The fact that the members of Montreal’s Braids are as old as I am makes me question what I’ve done with my life up to this point. Barely old enough to drink in the United States, the Montreal via Calgary quartet have arrived fully formed on their debut, Native Speaker, by taking the dream-pop template and implementing force, heavy experimentation and a front woman with an outlook well beyond her years. Couple that with her unbelievable vocal abilities and you have an early candidate for one of the top debut albums of 2011, which is if you’re willing to give it a chance. Native Speaker is a slow burn of an album in much the same as Warpaint’s The Fool, requiring multiple listens and an open mind to even begin to “get it.” However, the rewards far outweigh the initial investment, and for that Braids are worth commending.
Braids’ leading lady, Raphaelle Standell-Preston, first gained notoriety as the vocal half of Blue Hawaii. The duo’s gorgeous Blooming Summer EP introduced most of the music world to her stunning voice, an instrument that is used to a just as astonishing effect on Native Speaker. This is evident straight from the start, as opening track “Lemonade” demonstrates her ability to go from a delicate echo to a powerful cry almost effortlessly. In most instances, she sounds almost otherworldly, yet in other places she is able to bellow out in unhinged fashion, such as on the astonishing “Glass Deers.” Lyrically, Standell-Preston continues the almost overwhelming heartbreak and sexual frustrations found on Blooming Summer. Lines such as “We’re all just sleeping around…All we really want to do is love” are delivered with such force and passion, her almost catastrophic outlook on love and sex is given even more emotional force as a result. Her performances on Native Speaker amply solidifies her as one of the most powerful voices to emerge from the scene since Amber Coffman joined Dirty Projectors.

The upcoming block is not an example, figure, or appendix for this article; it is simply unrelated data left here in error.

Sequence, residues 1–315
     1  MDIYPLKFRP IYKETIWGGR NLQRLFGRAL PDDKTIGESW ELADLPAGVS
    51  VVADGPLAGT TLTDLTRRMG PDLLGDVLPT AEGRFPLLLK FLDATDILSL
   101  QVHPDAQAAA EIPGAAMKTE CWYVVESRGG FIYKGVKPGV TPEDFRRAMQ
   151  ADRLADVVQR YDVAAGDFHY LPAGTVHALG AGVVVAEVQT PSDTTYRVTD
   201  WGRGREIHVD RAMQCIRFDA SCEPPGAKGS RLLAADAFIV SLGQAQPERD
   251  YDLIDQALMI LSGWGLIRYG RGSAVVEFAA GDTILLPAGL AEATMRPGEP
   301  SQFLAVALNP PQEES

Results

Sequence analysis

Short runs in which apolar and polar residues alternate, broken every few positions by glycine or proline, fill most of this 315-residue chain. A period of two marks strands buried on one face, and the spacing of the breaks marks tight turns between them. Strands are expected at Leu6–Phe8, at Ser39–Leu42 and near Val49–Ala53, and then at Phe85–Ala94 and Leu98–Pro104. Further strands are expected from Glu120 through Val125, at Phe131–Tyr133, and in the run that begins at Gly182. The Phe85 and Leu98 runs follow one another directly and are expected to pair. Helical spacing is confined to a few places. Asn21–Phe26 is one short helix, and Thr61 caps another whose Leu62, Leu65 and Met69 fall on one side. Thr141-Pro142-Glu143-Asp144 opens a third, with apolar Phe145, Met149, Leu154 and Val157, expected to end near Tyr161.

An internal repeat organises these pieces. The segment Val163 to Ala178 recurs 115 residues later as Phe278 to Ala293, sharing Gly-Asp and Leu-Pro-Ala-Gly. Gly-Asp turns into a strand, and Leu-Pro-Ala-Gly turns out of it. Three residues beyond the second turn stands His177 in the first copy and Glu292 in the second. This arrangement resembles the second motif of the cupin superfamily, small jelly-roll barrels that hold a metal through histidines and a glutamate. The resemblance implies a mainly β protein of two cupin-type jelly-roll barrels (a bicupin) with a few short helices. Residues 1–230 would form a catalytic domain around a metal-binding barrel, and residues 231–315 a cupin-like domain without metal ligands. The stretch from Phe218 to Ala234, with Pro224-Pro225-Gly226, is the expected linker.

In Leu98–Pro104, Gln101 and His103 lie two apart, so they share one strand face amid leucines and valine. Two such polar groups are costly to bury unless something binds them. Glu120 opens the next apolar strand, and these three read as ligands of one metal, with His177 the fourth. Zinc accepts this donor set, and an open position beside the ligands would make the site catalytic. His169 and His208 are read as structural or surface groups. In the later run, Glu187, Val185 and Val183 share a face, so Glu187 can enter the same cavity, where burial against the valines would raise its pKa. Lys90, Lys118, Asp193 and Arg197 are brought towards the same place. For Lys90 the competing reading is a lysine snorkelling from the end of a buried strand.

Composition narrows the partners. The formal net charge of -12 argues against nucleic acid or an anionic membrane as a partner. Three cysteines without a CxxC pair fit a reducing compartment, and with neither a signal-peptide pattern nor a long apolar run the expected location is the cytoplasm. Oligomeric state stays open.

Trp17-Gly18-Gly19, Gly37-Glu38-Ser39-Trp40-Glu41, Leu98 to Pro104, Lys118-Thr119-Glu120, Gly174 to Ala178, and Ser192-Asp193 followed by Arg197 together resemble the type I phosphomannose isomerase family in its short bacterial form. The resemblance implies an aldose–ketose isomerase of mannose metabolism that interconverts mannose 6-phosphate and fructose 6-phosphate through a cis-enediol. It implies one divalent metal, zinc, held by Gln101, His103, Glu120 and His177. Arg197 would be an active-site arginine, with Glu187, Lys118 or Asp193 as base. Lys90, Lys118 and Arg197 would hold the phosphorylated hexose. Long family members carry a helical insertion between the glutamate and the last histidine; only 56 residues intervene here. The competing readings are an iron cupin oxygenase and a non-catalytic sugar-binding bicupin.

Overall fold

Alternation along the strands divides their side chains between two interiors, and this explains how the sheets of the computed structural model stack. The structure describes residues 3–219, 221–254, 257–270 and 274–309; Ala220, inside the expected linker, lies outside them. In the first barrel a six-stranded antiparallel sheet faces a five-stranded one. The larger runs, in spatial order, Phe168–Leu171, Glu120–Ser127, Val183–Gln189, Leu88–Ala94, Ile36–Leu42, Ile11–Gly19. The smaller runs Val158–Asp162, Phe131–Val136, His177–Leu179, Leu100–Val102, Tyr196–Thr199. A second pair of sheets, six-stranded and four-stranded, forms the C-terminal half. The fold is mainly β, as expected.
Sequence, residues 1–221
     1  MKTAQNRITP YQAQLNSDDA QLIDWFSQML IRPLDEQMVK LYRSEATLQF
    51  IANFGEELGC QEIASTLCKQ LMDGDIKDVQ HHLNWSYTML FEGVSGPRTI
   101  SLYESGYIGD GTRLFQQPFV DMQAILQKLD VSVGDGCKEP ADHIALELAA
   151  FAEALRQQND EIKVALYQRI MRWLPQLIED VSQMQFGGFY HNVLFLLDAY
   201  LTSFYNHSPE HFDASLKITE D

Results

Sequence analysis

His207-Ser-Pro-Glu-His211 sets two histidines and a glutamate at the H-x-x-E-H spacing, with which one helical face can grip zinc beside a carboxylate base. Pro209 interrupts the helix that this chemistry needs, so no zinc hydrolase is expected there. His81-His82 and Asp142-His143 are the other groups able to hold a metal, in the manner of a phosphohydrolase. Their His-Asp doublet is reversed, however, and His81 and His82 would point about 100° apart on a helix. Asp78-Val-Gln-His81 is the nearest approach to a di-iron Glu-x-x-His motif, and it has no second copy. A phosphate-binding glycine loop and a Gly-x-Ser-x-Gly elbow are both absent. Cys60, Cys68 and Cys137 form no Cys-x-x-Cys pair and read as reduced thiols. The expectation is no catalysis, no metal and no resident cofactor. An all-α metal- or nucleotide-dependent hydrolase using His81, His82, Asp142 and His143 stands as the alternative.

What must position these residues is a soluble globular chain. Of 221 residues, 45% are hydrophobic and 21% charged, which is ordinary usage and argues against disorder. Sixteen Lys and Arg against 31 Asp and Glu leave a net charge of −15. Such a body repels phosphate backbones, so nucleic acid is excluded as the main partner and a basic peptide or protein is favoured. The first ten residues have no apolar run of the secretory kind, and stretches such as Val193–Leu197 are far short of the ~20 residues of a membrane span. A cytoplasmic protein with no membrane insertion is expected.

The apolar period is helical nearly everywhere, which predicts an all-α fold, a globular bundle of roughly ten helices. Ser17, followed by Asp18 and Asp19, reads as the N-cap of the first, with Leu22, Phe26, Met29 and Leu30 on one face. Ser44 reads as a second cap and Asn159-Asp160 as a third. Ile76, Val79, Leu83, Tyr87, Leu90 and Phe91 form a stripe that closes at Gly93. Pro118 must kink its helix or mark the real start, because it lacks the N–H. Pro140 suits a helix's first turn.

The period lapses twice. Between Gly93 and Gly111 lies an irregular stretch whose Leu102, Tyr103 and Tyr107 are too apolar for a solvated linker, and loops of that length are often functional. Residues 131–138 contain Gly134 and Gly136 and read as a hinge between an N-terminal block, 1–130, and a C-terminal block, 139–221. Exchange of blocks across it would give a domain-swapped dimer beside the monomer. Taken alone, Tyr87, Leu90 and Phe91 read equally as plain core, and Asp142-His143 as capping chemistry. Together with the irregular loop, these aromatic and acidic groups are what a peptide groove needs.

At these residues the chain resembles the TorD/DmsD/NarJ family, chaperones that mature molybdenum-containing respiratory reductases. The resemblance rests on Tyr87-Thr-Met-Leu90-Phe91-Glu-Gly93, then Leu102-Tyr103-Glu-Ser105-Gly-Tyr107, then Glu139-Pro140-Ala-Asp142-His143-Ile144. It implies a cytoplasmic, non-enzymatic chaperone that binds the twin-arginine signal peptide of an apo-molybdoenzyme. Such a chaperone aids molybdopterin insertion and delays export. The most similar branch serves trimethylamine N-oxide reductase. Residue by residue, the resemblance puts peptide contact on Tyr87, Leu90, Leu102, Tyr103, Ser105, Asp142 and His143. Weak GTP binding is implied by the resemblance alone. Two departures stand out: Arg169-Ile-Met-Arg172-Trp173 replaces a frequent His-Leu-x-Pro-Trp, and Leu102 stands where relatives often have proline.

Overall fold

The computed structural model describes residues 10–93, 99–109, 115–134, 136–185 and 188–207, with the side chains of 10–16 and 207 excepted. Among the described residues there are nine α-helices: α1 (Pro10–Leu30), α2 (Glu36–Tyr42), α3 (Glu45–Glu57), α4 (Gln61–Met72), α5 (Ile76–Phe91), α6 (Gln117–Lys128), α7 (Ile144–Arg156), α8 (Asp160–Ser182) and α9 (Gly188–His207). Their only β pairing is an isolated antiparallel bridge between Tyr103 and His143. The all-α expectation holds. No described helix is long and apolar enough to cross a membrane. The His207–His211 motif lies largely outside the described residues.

The music that backs Standell-Preston is just as intriguing as her voice. While there are plenty of synth lines, bubbling aquatic sounds, and layered guitar work to forgive one for labeling Braids as dream-pop, the band one ups this notion by giving many of the songs a strong percussive force rather than overtly relying on drum machines and subdued beats. Additionally, the group is not afraid to veer off in multiple musical directions during a song, usually with each member exploring the intricacies of their instruments in the process. Songs will slowly build, erupt, and cave in on themselves, yet it is all done with careful consideration and precision that makes every note sound intentional. The closest thing to instrumental hooks on the album comes courtesy of “Plath Heart” and “Same Mum,” and even those eventually get consumed through the course of the tracks. Each listen will undoubtedly reveal something new to the listener sonically, making the album worth coming back to. It also allows the album’s 45 minute runtime to seemingly pass by unnoticed, something that few experimental bands are capable of achieving.
While the album may disappoint those looking for immediacy or sing along choruses, Native Speaker will reveal itself to patient listeners over time for what it is: a dense, emotionally charged, and stunning album that shows a band that is in full control of their sound. It is one of those rare albums that you don’t have to fully understand in order to enjoy it, and that in itself is more than enough to proclaim it as one of the strongest first statements by a band in the last couple of years. No matter what direction Braids decide to take next, Native Speaker should hold it’s own for years to come.